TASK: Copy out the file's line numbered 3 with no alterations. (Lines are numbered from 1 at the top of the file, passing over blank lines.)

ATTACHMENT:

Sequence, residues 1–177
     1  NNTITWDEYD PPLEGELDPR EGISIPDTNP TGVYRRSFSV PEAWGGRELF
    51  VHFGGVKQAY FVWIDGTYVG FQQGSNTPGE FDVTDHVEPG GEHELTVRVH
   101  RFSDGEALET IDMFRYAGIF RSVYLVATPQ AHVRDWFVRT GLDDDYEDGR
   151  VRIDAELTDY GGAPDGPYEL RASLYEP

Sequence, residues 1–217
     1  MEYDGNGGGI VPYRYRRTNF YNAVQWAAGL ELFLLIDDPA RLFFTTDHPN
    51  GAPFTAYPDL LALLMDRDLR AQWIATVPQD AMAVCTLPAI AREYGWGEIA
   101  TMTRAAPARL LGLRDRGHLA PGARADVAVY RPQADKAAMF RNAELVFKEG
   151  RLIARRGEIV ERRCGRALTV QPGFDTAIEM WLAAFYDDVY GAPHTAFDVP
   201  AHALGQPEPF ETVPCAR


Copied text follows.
    51  VHFGGVKQAY FVWIDGTYVG FQQGSNTPGE FDVTDHVEPG GEHELTVRVH